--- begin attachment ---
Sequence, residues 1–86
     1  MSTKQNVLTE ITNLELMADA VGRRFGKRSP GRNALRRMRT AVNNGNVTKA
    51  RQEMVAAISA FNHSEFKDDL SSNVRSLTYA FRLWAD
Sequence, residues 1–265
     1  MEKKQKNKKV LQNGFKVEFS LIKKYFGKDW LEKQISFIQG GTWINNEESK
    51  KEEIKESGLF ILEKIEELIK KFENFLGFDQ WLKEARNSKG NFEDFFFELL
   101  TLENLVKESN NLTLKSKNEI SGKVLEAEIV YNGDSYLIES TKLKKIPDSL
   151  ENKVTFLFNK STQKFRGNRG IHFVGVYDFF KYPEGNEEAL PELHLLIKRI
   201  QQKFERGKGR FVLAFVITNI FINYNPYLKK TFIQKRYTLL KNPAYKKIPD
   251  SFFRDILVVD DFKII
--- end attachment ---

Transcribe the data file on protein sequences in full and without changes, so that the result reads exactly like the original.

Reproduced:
Sequence, residues 1–86
     1  MSTKQNVLTE ITNLELMADA VGRRFGKRSP GRNALRRMRT AVNNGNVTKA
    51  RQEMVAAISA FNHSEFKDDL SSNVRSLTYA FRLWAD
Sequence, residues 1–265
     1  MEKKQKNKKV LQNGFKVEFS LIKKYFGKDW LEKQISFIQG GTWINNEESK
    51  KEEIKESGLF ILEKIEELIK KFENFLGFDQ WLKEARNSKG NFEDFFFELL
   101  TLENLVKESN NLTLKSKNEI SGKVLEAEIV YNGDSYLIES TKLKKIPDSL
   151  ENKVTFLFNK STQKFRGNRG IHFVGVYDFF KYPEGNEEAL PELHLLIKRI
   201  QQKFERGKGR FVLAFVITNI FINYNPYLKK TFIQKRYTLL KNPAYKKIPD
   251  SFFRDILVVD DFKII